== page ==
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|Tuesday, July 30, 2013, 10:30 a.m.||Gene Russianoff (917) 575-9434|
(New York, NY) The NYPIRG Straphangers Campaign today released an analysis of future fare increases for subways and buses, showing that fares could soar by 50% over the next decade.
The review was conducted by the New York City Independent Budget Office (IBO) at the request of the Campaign. The IBO is a publicly-funded City agency that provides non-partisan information about the Citys budget and economy to the public and their elected officials. (For more information on the IBO go to: www.ibo.nyc.gov.)
The IBO analysis assumes continuation of subway and bus fare increases of 8.4% every two years, which the MTA started in 2011 and repeated in 2013.1 The MTA has called these increases moderate. (See IBO Fiscal Brief.)
The current MTA four-year financial plan includes another 8.4% hike in 2015 and again in 2017. An 8.4% increase in transit fares in 2015 is projected to raise $409 million annually and an 8.4% fare increase in 2017 for ten months would raise $380 million.
In discussing its 2014 preliminary budget last week, MTA officials said that the actual amount of increase would be decided at the time of MTA fare increase hearings and would depend on the agencys overall finances.
Given the pattern of two implemented biennial increases of 8.4% adopted in the MTAs financial plan, the IBO and the Straphangers Campaign concluded five 8.4% increases over the coming decade was an appropriate gauge. (Current and projected fares can be found at Tables One and Two.)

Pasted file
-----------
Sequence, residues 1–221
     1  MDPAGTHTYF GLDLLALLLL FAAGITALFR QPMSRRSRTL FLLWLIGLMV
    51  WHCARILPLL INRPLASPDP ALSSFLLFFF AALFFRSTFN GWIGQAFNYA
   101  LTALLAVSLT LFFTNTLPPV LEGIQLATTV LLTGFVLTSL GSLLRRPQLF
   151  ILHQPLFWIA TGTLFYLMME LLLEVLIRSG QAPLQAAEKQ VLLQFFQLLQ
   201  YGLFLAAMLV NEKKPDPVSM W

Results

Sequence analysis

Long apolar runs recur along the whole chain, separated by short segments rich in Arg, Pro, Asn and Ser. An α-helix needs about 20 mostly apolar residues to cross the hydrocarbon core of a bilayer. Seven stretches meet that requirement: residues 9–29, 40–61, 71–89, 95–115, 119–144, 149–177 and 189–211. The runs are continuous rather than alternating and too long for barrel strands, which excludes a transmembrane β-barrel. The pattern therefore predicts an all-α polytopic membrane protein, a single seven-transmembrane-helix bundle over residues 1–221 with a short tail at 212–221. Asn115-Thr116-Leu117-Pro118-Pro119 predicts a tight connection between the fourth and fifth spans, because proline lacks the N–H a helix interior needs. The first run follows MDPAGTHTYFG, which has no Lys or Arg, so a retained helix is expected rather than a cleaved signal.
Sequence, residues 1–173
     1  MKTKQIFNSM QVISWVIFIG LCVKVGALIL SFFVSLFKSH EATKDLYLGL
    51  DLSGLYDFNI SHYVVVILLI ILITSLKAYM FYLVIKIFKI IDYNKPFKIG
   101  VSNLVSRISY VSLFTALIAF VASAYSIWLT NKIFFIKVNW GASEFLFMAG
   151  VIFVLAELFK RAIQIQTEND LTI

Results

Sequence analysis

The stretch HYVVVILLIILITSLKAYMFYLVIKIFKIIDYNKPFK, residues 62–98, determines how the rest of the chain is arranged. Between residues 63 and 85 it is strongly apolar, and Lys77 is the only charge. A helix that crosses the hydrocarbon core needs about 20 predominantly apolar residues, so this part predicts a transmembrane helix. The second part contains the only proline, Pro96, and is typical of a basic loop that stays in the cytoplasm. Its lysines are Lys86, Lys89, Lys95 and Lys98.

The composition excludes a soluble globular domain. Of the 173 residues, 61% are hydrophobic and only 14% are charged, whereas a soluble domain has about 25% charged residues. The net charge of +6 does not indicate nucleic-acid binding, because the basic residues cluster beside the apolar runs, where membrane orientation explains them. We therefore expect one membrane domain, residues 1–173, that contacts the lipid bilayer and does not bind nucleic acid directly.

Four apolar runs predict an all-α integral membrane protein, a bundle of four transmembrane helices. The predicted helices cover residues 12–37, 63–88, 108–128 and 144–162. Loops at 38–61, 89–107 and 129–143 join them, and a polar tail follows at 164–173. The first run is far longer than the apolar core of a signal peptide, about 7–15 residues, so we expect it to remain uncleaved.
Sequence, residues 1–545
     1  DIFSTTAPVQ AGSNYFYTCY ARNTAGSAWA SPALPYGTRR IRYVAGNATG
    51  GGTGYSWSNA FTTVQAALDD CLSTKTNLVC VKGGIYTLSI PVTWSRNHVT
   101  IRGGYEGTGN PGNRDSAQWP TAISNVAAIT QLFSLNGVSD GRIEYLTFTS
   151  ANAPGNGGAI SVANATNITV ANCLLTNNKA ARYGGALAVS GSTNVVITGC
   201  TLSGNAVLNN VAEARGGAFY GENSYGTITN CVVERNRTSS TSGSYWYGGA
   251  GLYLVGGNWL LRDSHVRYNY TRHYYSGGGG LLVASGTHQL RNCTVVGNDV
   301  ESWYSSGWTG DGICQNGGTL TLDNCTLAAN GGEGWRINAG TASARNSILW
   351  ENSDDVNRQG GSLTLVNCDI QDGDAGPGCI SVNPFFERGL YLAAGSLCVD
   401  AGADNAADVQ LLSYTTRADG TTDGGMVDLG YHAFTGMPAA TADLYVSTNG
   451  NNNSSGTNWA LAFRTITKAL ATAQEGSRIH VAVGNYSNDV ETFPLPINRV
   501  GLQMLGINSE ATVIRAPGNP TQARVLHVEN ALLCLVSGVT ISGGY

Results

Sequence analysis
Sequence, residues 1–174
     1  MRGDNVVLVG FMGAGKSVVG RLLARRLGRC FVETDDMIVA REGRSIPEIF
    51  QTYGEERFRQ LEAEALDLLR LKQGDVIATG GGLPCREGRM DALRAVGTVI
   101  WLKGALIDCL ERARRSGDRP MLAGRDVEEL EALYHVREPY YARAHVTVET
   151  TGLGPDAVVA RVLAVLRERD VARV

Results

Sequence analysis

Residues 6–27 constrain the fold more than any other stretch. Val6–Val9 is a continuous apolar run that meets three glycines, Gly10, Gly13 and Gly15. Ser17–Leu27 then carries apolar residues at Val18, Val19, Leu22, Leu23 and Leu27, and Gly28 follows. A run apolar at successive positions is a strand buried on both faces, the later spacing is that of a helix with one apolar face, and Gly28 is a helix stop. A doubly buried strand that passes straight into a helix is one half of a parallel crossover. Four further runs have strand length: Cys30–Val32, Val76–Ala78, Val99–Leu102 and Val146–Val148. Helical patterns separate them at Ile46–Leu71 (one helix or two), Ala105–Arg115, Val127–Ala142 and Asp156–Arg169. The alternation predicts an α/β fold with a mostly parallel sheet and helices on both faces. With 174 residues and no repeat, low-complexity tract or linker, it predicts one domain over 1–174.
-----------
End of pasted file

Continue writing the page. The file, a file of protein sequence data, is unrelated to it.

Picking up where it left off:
In its Fiscal Brief, the IBO concluded that after 10 years of MTA subway and bus biennial increases of 8.4%:
Constant fare hikes will overburden riders, discourage use of mass transit, and cannot be sustained over time, said Gene Russianoff, staff attorney for the Straphangers Campaign. Without more financial support from Albany, the MTA might as well start making announcements that there is a fare hike right behind this one.
Russianoff said he was looking to Governor Cuomo and state legislative leaders to find new funding sources to avoid or soften the looming steep increases. He noted that the MTA had cut $700 million from its annual operations and was planning hundreds of millions more.
The New York City transit system already places a heavier burden on its riders than other transit systems in America, according to the IBO.
The agency noted that: The MTA relies more heavily on fare revenue from riders than many other transit system operators.
The IBO reviewed federal data to estimate that the overall farebox recovery ratiopassenger fare revenue divided by operating expenseswas 58 percent for New York City subway and buses, compared with ratios of 44 percent, 38 percent, and 36 percent for local transit in Chicago, Boston, and Philadelphia, respectively.
The IBO Fiscal Brief included discussion of the average fare paid per trip. According to the MTA, the average fare for 2013 which counts a free transfer as a trip is $1.76.
Russianoff said that the notion of an average fare may make accounting or bookkeeping sense for the MTA, but was meaningless to millions of riders.
He noted, for example, that each trip on a pay-per-ride MetroCard cost a passenger $2.38 for each subway trip no matter how many trips are taken.
Russianoff added: Try telling a long-time user of a 30-day MetroCard that an average fare has only risen from $1.38 in 1996 to $1.76 in 2013, when the cost of a 30-day MetroCard has gone from $63 to $112 in the same time period.
The IBO Fiscal Brief ended on a likely-to-be-prophetic note of uncertainty:
Given the financial pressures the MTA will face over the next decade, some fare increases are likely. The timing and amount of those increases, however, may be very different from those analyzed here.